6 reasons to choose a private rather than a federal student loan
Generally speaking, students will want to maximize all federal loan options before moving on to private loans.
Federal student loans are backed by the federal government, which often means they have lower interest rates. They aren’t credit-based either, so your credit score and ability to find a co-signer won’t matter, and they offer income-based repayment plans and other useful payment options down the line.
Yet despite these advantages, federal student loans are not for everyone. In some cases, a private student loan might actually be a better fit – both for your wallet and your goals as a student. Here are some reasons why you might choose a private loan over a federal loan:
1. You need a bigger loan
If you are in the first year undergraduate student, you can only borrow a total of $ 5,500 per year in federal loans. While second-, third-, and fourth-year students can borrow a little more, it’s often not enough to cover all tuition costs.
With private lenders, loan amounts are much larger and less limited. Many companies offer loans of up to the hundreds of thousands, depending on the total cost of attending your school. Credible can help you compare rates from up to eight lenders at once.
2. You have great credit (or have a co-signer who does)
In most cases, federal student loans have lower interest rate than the private ones. The only exception to this rule? They would be high credit borrowers.
If you or your co-signer has a particularly high credit rating or a strong credit history, this could mean qualifying for rates well below current federal interest rates. In July 2020, they stood at 2.75% for undergraduates, 4.30% for graduate and professional borrowers, and 5.30% for parents.
Visit Credible at see which lenders may be willing to provide you with an affordable loan even with your current credit report.
3. You have no documented financial need
In order to qualify for federal student loans, (direct assisted loans), you must prove that you need the assistance, financially speaking. This means that if you earn more than a certain amount or your tuition fees are low enough, you may very well not be eligible for a subsidized student loan or a federal scholarship.
When this is the case, unsubsidized federal loans or private student loans may be an option. Unsubsidized loans do not require financial need and the amount varies depending on your year of study. Unlike soft loans, they earn interest while you’re in school, so there are additional costs.
You also won’t need to demonstrate financial need with private student loans. Instead, you will just need to show your ability to repay the loan. This means that you will need a decent credit score and a solid payment history on your credit report. If your co-signer has these things, that should qualify you as well.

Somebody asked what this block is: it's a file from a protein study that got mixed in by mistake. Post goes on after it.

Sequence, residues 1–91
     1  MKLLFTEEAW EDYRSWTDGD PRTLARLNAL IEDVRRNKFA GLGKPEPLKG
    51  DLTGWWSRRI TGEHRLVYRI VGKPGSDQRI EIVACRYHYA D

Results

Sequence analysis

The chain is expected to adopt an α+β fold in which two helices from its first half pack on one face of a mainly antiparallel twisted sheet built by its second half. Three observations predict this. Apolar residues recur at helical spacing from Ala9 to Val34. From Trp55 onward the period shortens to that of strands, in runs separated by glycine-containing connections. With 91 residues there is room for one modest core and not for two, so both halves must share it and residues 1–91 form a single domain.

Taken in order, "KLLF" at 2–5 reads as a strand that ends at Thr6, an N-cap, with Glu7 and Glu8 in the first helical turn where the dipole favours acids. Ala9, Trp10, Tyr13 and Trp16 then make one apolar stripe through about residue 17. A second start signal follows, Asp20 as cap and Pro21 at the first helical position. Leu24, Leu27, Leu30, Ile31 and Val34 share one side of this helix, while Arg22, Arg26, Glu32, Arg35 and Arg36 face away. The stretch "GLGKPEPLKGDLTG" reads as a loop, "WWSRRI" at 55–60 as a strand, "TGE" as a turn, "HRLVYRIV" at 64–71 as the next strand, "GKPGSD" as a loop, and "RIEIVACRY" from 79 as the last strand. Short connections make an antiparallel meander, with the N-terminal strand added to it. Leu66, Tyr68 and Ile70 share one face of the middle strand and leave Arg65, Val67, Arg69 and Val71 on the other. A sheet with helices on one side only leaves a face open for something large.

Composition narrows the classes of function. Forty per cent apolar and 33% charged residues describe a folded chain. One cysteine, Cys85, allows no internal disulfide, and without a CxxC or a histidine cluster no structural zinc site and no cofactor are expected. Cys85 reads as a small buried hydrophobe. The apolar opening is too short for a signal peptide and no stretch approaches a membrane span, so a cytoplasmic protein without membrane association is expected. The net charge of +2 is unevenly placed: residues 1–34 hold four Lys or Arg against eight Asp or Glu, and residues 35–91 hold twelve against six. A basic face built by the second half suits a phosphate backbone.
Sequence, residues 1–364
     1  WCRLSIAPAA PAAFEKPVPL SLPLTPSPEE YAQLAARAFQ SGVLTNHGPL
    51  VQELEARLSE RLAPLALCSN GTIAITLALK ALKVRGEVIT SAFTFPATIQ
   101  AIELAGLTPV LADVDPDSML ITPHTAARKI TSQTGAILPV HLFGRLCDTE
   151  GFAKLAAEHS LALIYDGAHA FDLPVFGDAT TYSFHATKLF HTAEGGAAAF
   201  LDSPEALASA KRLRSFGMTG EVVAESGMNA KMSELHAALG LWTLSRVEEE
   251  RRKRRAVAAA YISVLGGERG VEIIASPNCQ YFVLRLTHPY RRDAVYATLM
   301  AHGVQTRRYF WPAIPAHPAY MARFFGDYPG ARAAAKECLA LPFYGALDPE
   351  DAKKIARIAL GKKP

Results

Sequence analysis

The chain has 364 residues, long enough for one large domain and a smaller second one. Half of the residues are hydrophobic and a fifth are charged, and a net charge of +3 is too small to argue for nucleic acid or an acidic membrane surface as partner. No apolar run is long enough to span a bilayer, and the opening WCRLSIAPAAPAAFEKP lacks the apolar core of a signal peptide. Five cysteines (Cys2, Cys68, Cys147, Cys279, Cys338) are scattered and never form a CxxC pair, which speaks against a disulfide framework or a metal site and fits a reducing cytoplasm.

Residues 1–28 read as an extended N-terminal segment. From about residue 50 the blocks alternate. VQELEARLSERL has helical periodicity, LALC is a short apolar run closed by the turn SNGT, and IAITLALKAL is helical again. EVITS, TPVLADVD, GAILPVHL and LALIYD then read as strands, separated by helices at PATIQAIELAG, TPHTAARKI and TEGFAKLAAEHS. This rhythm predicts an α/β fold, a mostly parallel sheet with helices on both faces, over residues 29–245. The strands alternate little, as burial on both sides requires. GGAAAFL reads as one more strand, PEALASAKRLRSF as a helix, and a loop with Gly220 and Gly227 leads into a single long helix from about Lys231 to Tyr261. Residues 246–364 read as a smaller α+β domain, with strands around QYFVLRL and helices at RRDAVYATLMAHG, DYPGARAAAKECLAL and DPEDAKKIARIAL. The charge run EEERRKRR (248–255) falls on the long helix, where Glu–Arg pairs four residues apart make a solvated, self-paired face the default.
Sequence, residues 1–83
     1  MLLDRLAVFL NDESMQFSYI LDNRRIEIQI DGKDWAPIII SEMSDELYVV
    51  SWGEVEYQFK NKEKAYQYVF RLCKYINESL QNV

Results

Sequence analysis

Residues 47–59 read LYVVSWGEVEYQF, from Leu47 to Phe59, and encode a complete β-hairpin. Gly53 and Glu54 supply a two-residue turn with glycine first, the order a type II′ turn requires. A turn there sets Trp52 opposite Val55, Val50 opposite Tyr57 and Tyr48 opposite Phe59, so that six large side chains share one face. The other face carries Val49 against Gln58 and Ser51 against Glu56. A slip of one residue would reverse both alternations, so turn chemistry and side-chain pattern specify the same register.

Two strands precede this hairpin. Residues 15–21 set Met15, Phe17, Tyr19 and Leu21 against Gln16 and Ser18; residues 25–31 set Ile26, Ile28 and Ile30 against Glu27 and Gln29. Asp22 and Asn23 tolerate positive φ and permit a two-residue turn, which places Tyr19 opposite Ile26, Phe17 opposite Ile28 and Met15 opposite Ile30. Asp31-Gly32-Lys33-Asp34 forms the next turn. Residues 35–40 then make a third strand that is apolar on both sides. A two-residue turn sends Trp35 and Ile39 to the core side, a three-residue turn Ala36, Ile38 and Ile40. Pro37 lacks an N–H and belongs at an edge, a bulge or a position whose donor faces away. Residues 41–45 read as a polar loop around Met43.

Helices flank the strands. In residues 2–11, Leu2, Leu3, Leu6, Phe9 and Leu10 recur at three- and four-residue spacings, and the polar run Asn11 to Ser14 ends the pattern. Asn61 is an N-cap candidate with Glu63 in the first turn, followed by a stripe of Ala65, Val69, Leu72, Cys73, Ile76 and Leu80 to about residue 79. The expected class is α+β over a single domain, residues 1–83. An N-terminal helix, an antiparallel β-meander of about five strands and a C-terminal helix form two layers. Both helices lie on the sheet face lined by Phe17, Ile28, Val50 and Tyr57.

See what kind of student loan rates you are currently eligible for.
4. You want a variable rate loan
Federal student loans always have a fixed rate. While this certainly ensures consistency and helps with budgeting efforts, it can also mean bigger expenses over time.
With private lenders, variable rate loans are often available (see this price list for exemple).
Variable rate loans allow you to take advantage of market changes and potentially lower your long-term interest costs. Keep in mind that this could also mean paying a higher rate. It all depends on where the market is going.
5. You need fast financing
Federal student aid comes with a long and interminable process. You should complete your FAFSA form and wait for the government to receive it, assess it, and send its findings to your school. This is by no means a quick or easy feat.
Private student loans generally have much faster processing and funding times. You can usually apply, get approved, and receive your funds in just a few weeks (vs. months for federal loans).
6. You are ready to set up automatic payment or go to work
Many private lenders offer discounts to borrowers who set up automatic payments or who regularly score high. These often equate to lower interest rates and, therefore, a cheaper loan over time.
Plus, if you’re willing to shop around for your loan, apply to multiple lenders, and negotiate your deals, you can also get a lower rate. In the world of private lending, companies compete for your business – and many will make concessions to secure it.
A private student loan might be right for you
Private student loans aren’t always the right solution, but for some students, they can be a smart way to save money or get funding for their studies fast.
If you are considering a private student loan for your studies, be sure to use a tool like Credible to shop around for prices and be careful not to borrow more than you need.
Use a student loan calculator to determine how much you need to withdraw before you apply.